The psychiatric consultant must be a medical professional with psychiatric training and — given the prevalence and potential complexity of pharmacotherapy — be qualified to prescribe the full range of medications, and so might be a psychiatrist or a psychiatric nurse practitioner or physician assistant. This consultant must have a continuous relationship with the primary care practice (although he or she will typically be located elsewhere) and be able to help facilitate behavioral health specialty referral when indicated.
Since CoCM is not the only approach to BHI in use today, Medicare will also begin making separate payments using a fourth new code for services furnished according to other BHI models (approximately $48 for at least 20 minutes of services per beneficiary per month). This code can be used to report services provided under other BHI care models that include systematic assessment and monitoring using validated clinical rating scales (where applicable), behavioral health care planning (with care plan revision for patients whose condition is not improving), facilitation and coordination of behavioral health treatment, and a continuous relationship with a designated member of the care team. Services billed under this code may be provided directly by the primary care clinician and do not necessarily have to be furnished by a designated behavioral health care manager or involve a psychiatric consultant (although they may). CMS will be looking to the field in the coming years to further define the services furnished and billed using this code and to identify the resources involved in order to appropriately value the service.
Medicare’s new payments for BHI will have their most immediate impact on clinicians already furnishing these services, who will now be paid more appropriately and accurately. But the biggest potential effect will be increasing the number of Medicare beneficiaries with access to effective BHI services. By one estimate, only about 10% of patients with depression (and less than 1% in some minority populations) receive guideline-concordant treatment under the status quo.3 Through systematic care management and more efficient use of behavioral health specialty providers, effective BHI produces more person-centered, coordinated, evidence-based care. It also helps build behavioral health competency in the primary care workforce.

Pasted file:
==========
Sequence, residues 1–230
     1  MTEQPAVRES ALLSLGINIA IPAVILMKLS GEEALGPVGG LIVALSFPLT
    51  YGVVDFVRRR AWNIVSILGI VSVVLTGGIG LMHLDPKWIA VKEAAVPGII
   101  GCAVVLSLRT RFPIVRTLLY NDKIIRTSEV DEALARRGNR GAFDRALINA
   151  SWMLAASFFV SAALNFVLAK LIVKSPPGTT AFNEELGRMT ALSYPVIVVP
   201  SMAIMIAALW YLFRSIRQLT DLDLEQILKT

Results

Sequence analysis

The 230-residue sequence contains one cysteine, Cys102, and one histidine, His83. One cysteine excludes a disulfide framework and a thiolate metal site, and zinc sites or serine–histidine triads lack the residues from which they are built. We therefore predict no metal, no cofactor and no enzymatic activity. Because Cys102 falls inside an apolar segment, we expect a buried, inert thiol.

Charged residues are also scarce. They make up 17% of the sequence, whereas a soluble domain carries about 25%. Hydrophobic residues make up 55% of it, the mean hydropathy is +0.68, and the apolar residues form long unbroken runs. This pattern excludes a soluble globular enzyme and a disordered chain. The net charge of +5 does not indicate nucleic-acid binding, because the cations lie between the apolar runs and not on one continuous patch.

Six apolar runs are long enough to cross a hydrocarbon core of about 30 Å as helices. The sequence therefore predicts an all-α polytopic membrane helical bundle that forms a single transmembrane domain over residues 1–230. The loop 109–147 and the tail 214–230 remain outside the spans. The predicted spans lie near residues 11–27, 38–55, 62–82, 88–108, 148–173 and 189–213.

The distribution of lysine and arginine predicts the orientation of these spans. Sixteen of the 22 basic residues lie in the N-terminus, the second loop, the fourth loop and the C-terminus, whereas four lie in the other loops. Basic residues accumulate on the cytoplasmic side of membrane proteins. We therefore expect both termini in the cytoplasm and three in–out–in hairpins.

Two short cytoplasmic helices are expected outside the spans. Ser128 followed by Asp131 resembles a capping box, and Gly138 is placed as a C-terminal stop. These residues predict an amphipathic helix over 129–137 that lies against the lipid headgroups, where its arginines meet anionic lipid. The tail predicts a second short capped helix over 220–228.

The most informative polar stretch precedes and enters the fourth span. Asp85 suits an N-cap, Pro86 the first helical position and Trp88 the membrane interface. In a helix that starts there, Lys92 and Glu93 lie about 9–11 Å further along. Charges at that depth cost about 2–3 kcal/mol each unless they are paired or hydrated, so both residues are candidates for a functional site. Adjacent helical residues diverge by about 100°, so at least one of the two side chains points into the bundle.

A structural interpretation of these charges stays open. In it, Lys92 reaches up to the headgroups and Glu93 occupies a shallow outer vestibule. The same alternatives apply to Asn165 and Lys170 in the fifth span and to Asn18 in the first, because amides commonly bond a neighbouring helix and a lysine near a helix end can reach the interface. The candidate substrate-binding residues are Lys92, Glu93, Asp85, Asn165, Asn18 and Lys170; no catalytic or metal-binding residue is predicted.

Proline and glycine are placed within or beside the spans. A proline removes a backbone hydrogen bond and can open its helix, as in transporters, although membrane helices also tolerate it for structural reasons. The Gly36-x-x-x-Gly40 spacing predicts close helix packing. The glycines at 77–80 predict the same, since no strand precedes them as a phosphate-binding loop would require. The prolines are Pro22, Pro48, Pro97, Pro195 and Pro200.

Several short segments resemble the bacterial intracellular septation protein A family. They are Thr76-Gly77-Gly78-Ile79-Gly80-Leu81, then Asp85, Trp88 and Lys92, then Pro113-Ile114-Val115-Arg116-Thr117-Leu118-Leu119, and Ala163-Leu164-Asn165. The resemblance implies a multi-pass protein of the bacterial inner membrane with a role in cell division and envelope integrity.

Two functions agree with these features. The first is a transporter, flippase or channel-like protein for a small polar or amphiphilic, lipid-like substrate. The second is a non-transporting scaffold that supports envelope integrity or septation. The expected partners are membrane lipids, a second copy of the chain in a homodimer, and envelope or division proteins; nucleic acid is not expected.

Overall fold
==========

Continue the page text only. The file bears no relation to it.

Studies have shown that CoCM improves the quality of care and patients’ satisfaction with it, mental and physical health outcomes, and functioning in people with common behavioral health conditions, particularly — but not only — mood or anxiety disorders.4 Evidence also indicates that it can reduce total health care expenditures over time and can reduce racial and ethnic disparities in quality of care and clinical outcomes. Therefore, widespread implementation of CoCM and other effective BHI services could substantially improve outcomes for millions of Medicare beneficiaries, as well as produce savings for the Medicare program.
In addition, these payments may lead other payers to add or expand their BHI payments. Even in the era of alternative payment models that reward value — rather than volume — of services, greater access to and volume of effective behavioral health services would actually be a positive outcome, with net benefits for patients, health care providers, and payers. Plus, since most alternative payment models are built on a fee-for-service foundation, BHI payments may help payers more accurately value these services within alternative payment models.